NASA will try to launch the Artemis I mission spacecraft again after the engine failure that prevented the previous launch

Last Monday, August 29, the POT made his first attempt launch the Artemis I mission, an unmanned spacecraft. However, the attempt was unsuccessful, as engine failure prevented the launch. Now, NASA will try again this Saturday.

This has been announced through the official NASA Twitter profile, where it has been detailed that the takeoff window of the ship that will travel to the Moon will start at 2:17 p.m. (at 8:17 p.m. in Spain) on Saturday, September 3.

The Space Agency has detailed que the failure that prevented the launch from being carried out of the Artemis I was related to one of the four engines of the central stage of the SLS. Specificthe number 3 engine was not able to reach temperature adequate required for takeoff.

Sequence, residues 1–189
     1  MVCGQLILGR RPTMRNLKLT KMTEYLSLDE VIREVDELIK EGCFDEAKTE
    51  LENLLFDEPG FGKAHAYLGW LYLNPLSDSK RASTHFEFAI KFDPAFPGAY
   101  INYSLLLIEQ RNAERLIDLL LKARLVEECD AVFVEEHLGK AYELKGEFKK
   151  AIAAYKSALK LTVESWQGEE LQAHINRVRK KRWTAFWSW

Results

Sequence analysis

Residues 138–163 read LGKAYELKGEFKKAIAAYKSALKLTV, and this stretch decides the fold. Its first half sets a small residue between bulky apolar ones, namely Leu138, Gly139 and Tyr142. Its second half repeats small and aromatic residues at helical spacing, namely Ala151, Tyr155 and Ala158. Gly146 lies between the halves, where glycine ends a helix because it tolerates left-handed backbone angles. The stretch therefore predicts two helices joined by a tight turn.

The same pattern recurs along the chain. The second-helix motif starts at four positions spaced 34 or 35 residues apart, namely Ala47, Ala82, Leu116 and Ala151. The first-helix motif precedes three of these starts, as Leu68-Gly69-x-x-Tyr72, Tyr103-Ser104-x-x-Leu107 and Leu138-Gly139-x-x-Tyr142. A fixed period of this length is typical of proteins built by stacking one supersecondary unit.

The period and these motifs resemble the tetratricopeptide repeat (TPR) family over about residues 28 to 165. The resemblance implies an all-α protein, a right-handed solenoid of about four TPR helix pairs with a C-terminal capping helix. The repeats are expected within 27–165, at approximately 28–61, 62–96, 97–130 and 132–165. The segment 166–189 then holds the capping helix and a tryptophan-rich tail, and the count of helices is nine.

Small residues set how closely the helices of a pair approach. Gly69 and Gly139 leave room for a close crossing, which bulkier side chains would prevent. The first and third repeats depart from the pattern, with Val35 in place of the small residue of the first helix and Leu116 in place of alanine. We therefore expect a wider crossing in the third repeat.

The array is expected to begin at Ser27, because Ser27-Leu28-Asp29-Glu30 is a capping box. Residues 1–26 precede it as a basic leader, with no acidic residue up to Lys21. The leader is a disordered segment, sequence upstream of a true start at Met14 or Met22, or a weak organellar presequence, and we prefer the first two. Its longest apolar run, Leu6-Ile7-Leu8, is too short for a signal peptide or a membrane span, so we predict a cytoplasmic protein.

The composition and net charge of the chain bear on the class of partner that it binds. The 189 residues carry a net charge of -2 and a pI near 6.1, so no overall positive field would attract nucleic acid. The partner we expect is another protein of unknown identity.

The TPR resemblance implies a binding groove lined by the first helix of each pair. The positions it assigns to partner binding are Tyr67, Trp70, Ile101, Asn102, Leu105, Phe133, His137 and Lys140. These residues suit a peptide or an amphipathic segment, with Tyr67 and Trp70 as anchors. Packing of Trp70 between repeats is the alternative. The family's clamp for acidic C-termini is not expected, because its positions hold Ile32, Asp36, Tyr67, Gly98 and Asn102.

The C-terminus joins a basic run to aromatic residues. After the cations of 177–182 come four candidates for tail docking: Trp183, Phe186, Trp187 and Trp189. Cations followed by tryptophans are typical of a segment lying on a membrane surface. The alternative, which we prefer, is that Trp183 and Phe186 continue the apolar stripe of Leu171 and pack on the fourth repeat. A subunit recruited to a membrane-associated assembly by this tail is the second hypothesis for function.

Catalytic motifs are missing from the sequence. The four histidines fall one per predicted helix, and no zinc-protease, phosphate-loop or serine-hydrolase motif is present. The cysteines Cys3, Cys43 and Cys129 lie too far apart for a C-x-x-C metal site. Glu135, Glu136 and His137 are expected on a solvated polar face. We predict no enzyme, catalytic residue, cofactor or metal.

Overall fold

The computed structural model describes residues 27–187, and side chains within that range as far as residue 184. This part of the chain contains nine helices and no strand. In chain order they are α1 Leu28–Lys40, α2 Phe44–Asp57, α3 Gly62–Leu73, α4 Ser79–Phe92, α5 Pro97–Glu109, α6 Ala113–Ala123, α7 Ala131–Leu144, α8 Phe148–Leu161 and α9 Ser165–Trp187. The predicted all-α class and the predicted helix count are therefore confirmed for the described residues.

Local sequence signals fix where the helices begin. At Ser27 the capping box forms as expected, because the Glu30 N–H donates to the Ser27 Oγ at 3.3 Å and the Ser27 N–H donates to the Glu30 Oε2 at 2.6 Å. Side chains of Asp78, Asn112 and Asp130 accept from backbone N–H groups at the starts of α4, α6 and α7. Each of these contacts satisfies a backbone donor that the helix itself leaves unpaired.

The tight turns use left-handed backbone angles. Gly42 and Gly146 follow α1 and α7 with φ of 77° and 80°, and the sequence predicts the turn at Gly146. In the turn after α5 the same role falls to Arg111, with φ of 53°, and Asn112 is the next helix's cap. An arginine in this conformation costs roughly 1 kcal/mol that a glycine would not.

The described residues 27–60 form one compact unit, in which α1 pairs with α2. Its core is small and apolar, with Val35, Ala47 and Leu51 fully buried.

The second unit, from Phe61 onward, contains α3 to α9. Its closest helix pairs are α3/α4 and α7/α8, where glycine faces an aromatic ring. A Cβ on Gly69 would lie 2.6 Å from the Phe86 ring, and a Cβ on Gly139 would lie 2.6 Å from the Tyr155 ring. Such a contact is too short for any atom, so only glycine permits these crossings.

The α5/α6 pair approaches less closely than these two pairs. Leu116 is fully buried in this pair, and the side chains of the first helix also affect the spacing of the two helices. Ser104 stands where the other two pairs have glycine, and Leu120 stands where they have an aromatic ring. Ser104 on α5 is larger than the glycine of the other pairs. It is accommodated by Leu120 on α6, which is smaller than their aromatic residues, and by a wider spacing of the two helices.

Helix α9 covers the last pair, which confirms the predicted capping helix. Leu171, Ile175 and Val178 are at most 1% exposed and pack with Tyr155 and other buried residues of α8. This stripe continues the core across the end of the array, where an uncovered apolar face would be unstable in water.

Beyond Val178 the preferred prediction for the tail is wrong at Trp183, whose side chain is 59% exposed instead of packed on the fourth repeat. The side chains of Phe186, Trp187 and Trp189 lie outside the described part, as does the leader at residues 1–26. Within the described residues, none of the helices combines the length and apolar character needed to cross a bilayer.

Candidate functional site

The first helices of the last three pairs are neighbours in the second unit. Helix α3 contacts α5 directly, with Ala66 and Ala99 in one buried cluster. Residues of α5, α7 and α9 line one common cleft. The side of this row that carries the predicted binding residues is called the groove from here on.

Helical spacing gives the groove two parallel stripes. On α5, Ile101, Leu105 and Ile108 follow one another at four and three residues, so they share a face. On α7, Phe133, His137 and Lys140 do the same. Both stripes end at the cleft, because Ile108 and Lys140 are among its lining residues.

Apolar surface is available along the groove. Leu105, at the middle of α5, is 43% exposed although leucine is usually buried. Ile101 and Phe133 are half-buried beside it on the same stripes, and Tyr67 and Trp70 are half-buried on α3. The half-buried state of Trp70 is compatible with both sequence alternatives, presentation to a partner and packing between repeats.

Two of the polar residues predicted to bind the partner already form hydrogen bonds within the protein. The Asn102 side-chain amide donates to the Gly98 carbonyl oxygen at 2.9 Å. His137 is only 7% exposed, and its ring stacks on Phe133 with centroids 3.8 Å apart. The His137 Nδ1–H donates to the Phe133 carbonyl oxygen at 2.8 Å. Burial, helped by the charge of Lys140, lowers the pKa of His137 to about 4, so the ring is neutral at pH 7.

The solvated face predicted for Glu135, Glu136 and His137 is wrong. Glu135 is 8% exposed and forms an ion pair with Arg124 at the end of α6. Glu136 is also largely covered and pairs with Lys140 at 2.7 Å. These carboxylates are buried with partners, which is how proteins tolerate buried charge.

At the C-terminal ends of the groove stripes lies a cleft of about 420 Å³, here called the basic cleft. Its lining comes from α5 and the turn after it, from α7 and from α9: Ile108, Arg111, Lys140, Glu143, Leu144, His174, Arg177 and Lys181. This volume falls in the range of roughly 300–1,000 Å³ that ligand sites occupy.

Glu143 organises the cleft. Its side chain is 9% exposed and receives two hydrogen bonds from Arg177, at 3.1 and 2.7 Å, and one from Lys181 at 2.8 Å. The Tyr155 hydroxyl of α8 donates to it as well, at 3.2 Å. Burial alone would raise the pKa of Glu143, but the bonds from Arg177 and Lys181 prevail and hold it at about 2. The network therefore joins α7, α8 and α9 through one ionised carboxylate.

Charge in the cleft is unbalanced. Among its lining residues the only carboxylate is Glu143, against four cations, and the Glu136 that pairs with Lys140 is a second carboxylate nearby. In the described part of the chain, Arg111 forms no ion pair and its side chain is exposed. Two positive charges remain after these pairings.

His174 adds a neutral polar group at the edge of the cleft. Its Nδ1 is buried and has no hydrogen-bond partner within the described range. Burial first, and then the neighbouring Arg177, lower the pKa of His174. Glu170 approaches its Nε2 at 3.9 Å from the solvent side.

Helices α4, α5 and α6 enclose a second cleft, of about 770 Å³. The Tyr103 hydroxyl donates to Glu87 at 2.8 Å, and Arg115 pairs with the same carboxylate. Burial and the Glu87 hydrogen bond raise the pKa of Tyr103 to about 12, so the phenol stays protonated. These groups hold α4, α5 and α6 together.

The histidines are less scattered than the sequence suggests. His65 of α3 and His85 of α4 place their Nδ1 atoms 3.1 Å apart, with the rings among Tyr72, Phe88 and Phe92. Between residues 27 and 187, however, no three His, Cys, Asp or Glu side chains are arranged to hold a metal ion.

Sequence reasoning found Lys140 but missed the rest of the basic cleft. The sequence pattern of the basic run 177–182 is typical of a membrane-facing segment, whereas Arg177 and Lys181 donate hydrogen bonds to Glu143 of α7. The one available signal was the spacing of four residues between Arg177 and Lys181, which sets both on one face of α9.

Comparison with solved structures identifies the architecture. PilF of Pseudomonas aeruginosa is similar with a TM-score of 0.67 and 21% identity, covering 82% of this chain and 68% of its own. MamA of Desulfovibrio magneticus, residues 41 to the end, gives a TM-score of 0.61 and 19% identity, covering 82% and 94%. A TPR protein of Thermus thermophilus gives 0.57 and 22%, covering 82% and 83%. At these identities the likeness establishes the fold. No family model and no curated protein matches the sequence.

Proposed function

Once the fault has been solved, the director of the Artemis mission, Mike Sarafin, has advanced that the Artemis I continues on platform 39B of the Kennedy Space Center, from where it will go into space on September 3.

The Artemis I mission is intended to be the first step, even without a crew, for successive missions with the ultimate goal of the return of astronauts to the surface of the Moon and enable a long-term human presence for decades to come.

The primary goals of Artemis I are to demonstrate Orion’s systems in a spaceflight environment and to ensure un re-entry, descent, splashdown and recovery safe before the first crewed flight on Artemis II, NASA reported at a briefing on August 5.

The duration of the mission is set at between four and six weeks, with a route of 2.1 million kilometerswith several orbits to the Earth and the Moon in its journey.


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